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To The Arctic

Surviving at the top of the world

New IMAX film shows struggles of mother polar bear, twin cubs in the frigid Arctic

Syracuse summers can get pretty hot, but starting Aug. 3, you can cool off at a showing of our new film, "To The Arctic," in the Bristol IMAX Omnitheater at the Milton J. Rubenstein Museum of Science and Technology.

The film takes audiences into the lives of a mother polar bear and her twin 7-month-old cubs as they navigate the changing Arctic wilderness they call home. Captivating and intimate IMAX footage brings moviegoers up-close and personal with this family's struggle in a frigid environment of melting ice, immense glaciers, spectacular waterfalls and majestic snow-bound peaks.

"When you're in the Arctic, you're confronted with nature in its rawest form," said director Greg MacGillivray. "You see how difficult it is for wildlife to survive there and how everything is interconnected. It's our hope that audiences who see 'To The Arctic' will get the same sense of wonder and appreciation for this incredible environment that I was lucky enough to experience during the four years it took for us to make this film."

The MacGillivrays and their filmmaking team visited the Arctic seven times over those four years, logging a total of eight months on the ice and in the Arctic sea to gather the information and images for the film. But it wasn't until nearly the conclusion of their odyssey that they discovered the stars of the show.

"We were extremely fortunate. In the final month of our seven-location shoot, we were privileged to be given our central characters," MacGillivray said, citing the mother polar bear with the twin cubs whose uncharacteristic nonchalance about strangers on her turf resulted in the most captivating footage.

"Sometimes this happens when you're on location for a documentary, and it's a real gift," he added. "Never before had filmmakers tracked a polar bear family at such close range, 24 hours a day, for nearly a week. We knew this was a once-in-a-lifetime experience." MacGillivray and Stephen Judson, the film's screenwriter and editor, adjusted the film's initial storyline to feature the mother and cubs.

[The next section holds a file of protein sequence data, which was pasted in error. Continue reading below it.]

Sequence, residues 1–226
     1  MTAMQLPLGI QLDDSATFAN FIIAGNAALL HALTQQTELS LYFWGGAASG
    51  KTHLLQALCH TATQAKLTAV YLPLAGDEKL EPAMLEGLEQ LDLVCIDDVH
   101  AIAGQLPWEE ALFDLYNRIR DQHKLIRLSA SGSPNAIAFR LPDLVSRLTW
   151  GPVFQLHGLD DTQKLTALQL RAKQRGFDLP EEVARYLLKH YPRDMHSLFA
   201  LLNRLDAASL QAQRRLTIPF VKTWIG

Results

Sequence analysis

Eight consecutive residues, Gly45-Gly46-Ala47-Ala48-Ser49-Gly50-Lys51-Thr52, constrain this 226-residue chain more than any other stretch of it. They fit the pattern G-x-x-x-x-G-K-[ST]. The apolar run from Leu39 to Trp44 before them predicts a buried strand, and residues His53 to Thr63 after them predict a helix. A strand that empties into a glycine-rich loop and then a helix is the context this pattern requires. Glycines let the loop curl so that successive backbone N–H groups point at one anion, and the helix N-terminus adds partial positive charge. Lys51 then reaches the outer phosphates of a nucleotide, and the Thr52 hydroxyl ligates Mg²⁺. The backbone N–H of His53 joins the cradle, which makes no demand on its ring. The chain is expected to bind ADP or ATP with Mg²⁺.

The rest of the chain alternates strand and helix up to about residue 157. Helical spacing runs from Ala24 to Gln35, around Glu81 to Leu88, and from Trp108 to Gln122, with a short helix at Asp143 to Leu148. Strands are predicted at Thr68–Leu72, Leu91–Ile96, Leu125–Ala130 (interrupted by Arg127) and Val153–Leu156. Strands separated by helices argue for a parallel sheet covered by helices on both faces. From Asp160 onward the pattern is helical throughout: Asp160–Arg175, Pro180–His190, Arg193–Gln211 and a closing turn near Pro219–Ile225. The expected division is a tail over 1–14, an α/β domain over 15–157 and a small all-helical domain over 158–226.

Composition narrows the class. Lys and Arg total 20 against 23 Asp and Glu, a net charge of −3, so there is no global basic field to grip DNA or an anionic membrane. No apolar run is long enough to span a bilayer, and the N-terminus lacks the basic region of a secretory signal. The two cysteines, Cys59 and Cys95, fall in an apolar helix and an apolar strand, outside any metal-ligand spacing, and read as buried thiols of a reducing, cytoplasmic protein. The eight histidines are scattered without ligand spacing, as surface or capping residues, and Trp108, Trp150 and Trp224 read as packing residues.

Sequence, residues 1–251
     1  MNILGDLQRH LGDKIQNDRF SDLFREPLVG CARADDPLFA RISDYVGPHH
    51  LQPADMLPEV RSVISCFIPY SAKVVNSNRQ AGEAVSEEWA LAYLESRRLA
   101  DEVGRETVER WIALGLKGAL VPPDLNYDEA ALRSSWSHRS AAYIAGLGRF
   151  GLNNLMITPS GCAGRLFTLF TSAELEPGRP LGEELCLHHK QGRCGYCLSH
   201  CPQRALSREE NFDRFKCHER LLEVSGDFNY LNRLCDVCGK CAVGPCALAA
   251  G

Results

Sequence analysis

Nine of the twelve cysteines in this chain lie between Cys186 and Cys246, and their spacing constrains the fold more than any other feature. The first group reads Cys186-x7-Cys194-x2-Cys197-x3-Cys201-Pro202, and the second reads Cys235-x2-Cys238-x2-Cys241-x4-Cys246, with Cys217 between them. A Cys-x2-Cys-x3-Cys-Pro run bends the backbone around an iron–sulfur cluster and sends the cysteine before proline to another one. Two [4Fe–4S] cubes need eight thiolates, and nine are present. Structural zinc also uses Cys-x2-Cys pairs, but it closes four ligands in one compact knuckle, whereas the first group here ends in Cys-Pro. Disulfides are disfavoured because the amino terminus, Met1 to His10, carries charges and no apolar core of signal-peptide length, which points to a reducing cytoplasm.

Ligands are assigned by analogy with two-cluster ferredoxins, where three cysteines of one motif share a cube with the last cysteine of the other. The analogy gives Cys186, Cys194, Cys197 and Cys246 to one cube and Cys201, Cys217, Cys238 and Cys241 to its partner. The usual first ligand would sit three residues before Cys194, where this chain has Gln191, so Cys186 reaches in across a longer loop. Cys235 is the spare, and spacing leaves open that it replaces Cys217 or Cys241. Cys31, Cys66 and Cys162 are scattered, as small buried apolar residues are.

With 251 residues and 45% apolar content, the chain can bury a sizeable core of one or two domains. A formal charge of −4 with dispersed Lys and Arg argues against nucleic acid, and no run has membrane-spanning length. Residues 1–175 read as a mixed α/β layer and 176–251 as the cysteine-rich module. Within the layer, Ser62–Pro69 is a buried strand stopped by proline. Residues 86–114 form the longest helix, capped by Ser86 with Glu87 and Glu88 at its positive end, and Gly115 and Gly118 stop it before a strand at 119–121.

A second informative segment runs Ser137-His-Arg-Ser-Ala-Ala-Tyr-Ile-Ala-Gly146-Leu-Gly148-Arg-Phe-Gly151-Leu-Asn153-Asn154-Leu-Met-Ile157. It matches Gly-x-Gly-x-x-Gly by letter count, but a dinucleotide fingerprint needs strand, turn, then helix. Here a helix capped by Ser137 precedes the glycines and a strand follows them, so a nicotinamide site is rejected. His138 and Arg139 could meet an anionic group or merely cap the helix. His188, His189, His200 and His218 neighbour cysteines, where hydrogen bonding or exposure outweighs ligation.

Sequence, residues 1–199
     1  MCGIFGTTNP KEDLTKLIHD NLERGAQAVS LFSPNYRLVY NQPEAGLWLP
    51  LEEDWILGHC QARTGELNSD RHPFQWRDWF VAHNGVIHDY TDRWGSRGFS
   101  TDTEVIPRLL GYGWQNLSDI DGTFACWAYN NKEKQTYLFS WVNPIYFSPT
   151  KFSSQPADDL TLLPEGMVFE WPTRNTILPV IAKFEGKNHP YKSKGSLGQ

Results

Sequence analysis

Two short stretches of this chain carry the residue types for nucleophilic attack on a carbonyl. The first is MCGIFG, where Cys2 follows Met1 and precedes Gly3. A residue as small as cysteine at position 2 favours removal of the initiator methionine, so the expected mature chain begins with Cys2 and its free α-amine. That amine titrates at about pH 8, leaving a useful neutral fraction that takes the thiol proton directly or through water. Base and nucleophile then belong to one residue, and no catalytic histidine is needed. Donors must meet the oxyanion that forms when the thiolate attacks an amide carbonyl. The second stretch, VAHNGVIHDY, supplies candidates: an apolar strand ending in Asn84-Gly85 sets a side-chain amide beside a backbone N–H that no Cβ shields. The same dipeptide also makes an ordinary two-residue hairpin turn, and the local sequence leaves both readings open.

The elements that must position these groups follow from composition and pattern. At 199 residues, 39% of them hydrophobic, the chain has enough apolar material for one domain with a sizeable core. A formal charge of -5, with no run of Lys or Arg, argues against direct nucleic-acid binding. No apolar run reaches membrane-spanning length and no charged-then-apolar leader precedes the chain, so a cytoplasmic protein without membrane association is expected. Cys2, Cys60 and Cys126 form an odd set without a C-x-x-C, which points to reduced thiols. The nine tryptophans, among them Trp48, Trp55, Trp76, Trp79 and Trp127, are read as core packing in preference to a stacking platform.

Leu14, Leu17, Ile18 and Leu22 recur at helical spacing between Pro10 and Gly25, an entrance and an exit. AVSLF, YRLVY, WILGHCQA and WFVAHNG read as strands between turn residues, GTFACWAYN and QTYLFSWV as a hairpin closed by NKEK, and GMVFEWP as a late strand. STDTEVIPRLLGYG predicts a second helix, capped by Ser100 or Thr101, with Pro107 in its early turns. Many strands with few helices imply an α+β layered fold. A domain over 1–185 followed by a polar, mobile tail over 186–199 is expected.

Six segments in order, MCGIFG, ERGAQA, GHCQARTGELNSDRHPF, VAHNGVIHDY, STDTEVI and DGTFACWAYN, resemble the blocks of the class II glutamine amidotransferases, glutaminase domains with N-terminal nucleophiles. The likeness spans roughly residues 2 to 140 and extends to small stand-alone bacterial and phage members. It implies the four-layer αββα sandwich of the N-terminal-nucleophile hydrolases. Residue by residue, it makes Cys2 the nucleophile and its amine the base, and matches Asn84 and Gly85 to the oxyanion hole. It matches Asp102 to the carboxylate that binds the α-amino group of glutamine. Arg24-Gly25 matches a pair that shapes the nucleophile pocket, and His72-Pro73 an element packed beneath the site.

"To The Arctic" is a MacGillivray Freeman Film, presented by Warner Bros. Pictures and IMAX Filmed Entertainment and directed by two-time Academy Award-nominated filmmaker Greg MacGillivray. The film is narrated by Academy Award-winning actress Meryl Streep and features a score by Steve Wood and songs by Paul McCartney.

Five Fun Facts

To The Arctic  

The polar bear is a marine mammal. Its scientific name is Ursus maritimus, meaning "sea bear".

Polar bears live in the Arctic regions of five countries: Greenland, Norway, Canada, Russia, and the United States.

Scientists believe polar bears are descended from brown bears that became isolated in the Arctic 150,000 years ago. Their bodies grew bigger for protection from the cold and their snouts grew longer so they could smell prey better.

Their white fur is actually transparent with no white pigment. It is the reflection of the sun that causes the fur to appear white.

They are so well adapted to the Arctic that they are more likely to overheat than suffer from cold. They have two layers of insulating fur, and their small ears and tails help prevent heat loss.



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